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Relative URLs and Absolute URLs

by kirupa   |   2 September 2013

A lightly contentious issue for many web developers revolves around what kind of URL scheme one should use when referencing resources and links within the same site. For example, you can use a fully-qualified absolute URL:

<img src="//www.kirupa.com/images/foo.png" width=100 height=100>

You can also use the more compact relative URL:

<img src="../images/foo.png" width=100 height=100>

Now, this article isn't about picking sides and telling you why one is superior to the other. The reason is that you need to use both absolute and relative URLs as part of creating your sites and apps. Instead, this article will show you when to use which.


When to Use Absolute URLs

Absolute URLs point to something without any regard for context. A URL like //www.kirupa.com/images/foo.png is something that works in your browser, on a friend's blog, in outer space, or wherever. There aren't too many times when you would need to use absolute URLs. In fact, I can think of two general cases when you need to...

You are Pointing to Content Outside of Your Site

If the content you are referencing lives outside of your domain, you have to use an absolute URL:

absolute references

 There is simply no way to use relative URLs for things that go outside of the domain your HTML page is currently in. This applies to things in subdomains as well. You can't reference something in a subdomain using a relative URL syntax.

Your References Will Change Depending on Context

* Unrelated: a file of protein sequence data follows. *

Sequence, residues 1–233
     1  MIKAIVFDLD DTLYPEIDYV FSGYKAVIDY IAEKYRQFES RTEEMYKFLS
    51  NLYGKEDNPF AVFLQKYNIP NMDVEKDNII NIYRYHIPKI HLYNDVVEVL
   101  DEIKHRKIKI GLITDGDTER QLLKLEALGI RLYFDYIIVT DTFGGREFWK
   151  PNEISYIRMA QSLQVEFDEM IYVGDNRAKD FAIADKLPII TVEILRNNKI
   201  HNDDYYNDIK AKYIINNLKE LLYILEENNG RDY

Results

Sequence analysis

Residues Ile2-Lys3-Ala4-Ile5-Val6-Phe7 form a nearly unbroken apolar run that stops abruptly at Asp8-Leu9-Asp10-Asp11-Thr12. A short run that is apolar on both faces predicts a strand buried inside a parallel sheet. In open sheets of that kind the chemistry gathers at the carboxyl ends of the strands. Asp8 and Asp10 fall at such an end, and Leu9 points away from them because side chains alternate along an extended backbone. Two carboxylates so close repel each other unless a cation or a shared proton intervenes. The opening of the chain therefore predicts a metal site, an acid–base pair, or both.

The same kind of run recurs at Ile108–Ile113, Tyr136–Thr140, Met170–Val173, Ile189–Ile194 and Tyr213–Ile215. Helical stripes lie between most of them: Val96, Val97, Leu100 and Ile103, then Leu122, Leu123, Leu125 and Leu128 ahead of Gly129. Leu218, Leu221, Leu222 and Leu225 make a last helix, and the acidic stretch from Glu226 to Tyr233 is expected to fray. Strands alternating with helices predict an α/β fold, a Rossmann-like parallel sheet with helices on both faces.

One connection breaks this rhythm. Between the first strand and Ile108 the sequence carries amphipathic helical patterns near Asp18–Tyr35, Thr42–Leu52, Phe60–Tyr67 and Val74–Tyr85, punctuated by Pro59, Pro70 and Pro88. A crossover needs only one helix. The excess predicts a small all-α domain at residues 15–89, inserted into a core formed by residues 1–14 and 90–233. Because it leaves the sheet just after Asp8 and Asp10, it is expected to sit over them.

Some of your HTML will find itself merged with other pieces of HTML and served on a variety of different pages in your site. While this may sound like a bizarre scenario, this is exactly what happens when you employ server side includes or site-wide templates to make your content more modular and reusable.

 URLs inside these "template" pages cannot assume that relative paths will still work when they find themselves in different locations. For example, this is what the markup for something on this site that gets server side included looks like:

<div id="bookBannerContent">
	<p class="centerImageNoBorder">
		<a href="//www.kirupa.com/book/animation_in_html_css_and_javascript.htm">
		<img id="bookAd" src="//www.kirupa.com/supporter/animation_book_right_banner.png" width="231" height="251"></a>
		<a href="http://www.amazon.com/dp/1482758954" style="background-image: url('//www.kirupa.com/mini_icons/entypo/shopping_20x20.png');">
		Buy on Amazon.com</a>

Notice that all references are made up of absolute URLs - even for content that lives within kirupa.com. The reason is that this HTML is served up on the sidebar which is then included on pages living in various different directories across the site.

Use Relative URLs Whenever Possible

Outside of the two cases you saw earlier, for any other kinds of references, use relative URLs. There is no point in cluttering your markup with unnecessary characters when your browser, search engines, and everything else on the planet knows how to work with relative URLs and resolve things properly.

If you do some research on the net, you'll see some other reasons people provide for going with relative URLs. Some of them include:

There are a few other reasons, but I wouldn't mention them in public. I feel a bit ashamed about listing the three you see here, for I'm not sure how relevant they even are these days. 


Neither absolute URLs nor relative URLs are good enough to use exclusively on their own. Use the right one for the right situation. To point to external content or to reference things from inside a site-wide template or server-side included page, I use absolute URLs. For everything else, I use relative URLs.

Just a final word before we wrap up. If you have a question and/or want to be part of a friendly, collaborative community of over 220k other developers like yourself, post on the forums for a quick response!

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